Most Civil War era students know that a Radical Republican Congress took control of Southern Reconstruction by obtaining a near veto-proof majority against President Andrew Johnson. Since Johnson considered the congressional plan to be unconstitutional, the infant GOP wanted him removed from office so that he could not interfere.
As explained in an earlier post, the Republicans settled on impeachment as their methodology. They accused Johnson of violating a law intended to prevent him from replacing one of his own cabinet members without approval of the Republican-controlled Senate. The Senate trial fell one vote short of the two-thirds majority required to remove (convict) the President. Johnson’s successor, Ulysses Grant, complained about the law and it was repealed about twenty years after adoption.
Fewer Civil War era students, however, realize that the Republican Congress also took shots at the Supreme Court. Congress was prepared to run roughshod over both of the other two federal government branches in order to impose its will. They wanted Reconstruction arranged in a manner that insured a sizable new voting bloc for their Party even if their plan was unconstitutional. In an act that makes present-day Republicans look generous, they passed the 1866 Judicial Circuits Act in order to deny President Johnson the opportunity to replace Supreme Court justices.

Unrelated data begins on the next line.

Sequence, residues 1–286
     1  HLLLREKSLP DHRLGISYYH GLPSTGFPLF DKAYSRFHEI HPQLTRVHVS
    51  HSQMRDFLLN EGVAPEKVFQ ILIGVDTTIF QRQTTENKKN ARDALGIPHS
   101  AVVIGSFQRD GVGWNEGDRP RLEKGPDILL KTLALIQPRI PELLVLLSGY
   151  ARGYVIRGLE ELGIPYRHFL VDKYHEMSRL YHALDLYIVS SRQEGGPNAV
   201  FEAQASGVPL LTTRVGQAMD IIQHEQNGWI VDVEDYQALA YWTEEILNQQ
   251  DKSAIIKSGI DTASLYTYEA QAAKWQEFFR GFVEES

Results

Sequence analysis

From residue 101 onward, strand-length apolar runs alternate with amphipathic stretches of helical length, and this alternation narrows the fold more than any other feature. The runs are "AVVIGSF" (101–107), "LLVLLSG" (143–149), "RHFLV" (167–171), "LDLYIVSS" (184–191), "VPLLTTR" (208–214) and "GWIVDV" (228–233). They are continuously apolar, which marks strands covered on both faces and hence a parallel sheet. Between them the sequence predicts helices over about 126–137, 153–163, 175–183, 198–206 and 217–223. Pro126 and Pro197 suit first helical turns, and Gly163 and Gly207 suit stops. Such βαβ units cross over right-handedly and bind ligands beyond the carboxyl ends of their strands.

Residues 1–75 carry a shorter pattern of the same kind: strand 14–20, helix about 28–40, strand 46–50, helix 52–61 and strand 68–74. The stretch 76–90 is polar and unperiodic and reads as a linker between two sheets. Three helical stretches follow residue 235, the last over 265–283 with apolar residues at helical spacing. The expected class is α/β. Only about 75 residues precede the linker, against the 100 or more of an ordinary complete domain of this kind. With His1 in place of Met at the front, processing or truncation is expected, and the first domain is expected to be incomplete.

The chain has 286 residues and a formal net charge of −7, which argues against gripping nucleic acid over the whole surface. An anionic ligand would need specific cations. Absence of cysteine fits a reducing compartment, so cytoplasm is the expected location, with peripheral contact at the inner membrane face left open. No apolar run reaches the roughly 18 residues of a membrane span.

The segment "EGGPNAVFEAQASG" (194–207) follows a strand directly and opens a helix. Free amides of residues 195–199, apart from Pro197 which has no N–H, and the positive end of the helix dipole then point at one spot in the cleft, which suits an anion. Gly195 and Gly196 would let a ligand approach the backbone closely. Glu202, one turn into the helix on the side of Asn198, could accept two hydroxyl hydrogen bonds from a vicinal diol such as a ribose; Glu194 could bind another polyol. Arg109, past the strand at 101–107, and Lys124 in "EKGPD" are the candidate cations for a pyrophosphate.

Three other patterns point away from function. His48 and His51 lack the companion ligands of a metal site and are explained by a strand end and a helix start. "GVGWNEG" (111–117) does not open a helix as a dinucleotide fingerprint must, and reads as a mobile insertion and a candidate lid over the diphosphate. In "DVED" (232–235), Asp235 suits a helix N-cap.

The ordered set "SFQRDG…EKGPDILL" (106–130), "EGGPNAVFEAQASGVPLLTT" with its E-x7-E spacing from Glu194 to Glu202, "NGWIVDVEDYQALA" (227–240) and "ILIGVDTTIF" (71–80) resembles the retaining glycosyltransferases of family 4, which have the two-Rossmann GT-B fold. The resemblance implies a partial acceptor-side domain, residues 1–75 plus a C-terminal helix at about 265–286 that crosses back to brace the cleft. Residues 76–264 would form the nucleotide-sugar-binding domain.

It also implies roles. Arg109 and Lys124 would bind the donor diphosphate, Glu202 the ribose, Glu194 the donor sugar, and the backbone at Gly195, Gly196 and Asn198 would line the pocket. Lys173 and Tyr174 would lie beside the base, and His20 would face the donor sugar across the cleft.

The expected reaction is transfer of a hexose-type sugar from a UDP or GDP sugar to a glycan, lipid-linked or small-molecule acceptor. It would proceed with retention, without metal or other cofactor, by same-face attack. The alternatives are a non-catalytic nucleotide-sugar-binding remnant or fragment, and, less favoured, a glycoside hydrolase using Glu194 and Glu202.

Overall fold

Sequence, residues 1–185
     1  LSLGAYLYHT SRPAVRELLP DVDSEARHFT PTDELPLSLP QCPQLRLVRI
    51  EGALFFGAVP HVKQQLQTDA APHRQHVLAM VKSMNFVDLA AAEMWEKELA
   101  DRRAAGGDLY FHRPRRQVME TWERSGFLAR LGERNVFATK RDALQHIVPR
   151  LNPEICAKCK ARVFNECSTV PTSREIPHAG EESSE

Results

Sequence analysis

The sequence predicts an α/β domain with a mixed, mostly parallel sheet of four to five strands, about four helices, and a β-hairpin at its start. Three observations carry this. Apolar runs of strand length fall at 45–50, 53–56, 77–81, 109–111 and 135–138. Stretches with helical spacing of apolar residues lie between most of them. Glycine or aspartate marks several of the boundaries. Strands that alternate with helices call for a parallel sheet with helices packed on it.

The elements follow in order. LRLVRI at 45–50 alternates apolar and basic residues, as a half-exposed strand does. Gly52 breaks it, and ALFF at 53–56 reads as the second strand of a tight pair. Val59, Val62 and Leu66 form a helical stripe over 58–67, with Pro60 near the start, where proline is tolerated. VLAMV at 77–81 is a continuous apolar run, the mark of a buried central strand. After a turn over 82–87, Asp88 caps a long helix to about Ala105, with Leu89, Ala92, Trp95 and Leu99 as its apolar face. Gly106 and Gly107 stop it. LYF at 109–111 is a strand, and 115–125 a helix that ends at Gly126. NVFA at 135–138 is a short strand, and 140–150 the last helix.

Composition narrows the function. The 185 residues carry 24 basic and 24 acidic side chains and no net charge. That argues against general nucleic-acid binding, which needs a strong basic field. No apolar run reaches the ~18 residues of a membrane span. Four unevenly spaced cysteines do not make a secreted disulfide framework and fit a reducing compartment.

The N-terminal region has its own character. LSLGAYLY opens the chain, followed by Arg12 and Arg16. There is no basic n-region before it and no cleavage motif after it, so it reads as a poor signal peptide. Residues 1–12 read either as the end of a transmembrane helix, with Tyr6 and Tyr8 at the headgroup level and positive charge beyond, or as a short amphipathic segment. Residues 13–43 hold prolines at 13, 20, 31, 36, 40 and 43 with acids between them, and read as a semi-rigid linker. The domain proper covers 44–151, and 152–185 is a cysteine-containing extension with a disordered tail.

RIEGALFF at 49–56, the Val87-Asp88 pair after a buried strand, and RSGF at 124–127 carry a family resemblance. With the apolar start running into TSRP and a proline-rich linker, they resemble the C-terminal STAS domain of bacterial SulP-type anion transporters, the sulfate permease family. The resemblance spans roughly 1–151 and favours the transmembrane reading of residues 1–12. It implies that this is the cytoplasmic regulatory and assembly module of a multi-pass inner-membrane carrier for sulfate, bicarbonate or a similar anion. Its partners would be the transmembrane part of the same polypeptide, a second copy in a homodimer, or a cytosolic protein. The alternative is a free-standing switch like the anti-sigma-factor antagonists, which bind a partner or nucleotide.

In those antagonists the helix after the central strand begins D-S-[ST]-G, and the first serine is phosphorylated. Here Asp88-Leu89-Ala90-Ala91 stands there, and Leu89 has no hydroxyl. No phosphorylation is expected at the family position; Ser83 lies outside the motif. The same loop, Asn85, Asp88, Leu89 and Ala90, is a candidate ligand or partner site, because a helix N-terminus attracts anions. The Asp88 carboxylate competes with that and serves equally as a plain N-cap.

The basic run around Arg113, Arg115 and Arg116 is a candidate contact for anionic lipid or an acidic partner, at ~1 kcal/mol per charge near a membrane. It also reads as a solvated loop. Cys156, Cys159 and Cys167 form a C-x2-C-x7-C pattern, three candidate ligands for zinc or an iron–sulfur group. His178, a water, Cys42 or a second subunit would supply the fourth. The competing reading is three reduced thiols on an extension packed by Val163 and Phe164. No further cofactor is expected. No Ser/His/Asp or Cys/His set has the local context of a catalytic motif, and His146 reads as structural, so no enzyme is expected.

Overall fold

This was accomplished by temporarily permitting the court’s size to number as few as seven justices. Johnson would not be allowed to nominate a replacement unless the number of justices fell to six. Shortly after Republican Ulysses Grant succeeded President Johnson, Congress passed an act that set the Supreme Court at nine justices.
In 1868 Congress passed a law that did not permit appeals to the Supreme Court from lower federal courts where habeas corpus was at issue. The court had already ruled that individuals could not be tried in military courts if civilian courts were operating in the region. But Congress wanted to be able to prosecute Southerners in the military districts of the South without permitting them to transfer the case to a civilian court. The 1868 law prevented the accused from appealing to the Supreme Court under a writ of habeas corpus to have the case shifted to a civilian court. Based on prior rulings, the Supreme Court would almost certainly granted such an appeal.
No single federal government branch ever again dominated the other two as did the Radical Republican Congresses of the Johnson era and first Grant administration. Fearing further congressional restraints, the court failed to review cases that might anger Republicans. It was mostly irrelevant on such matters until the Democratic Party gained strength in the 1874 elections.
My Civil War Books
Lee’s Lost Dispatch and Other Civil War Controversies
Trading With the Enemy
Co. Aytch: Illustrated and Annotated
To be released in May and available for pre-order: The Confederacy at Flood Tide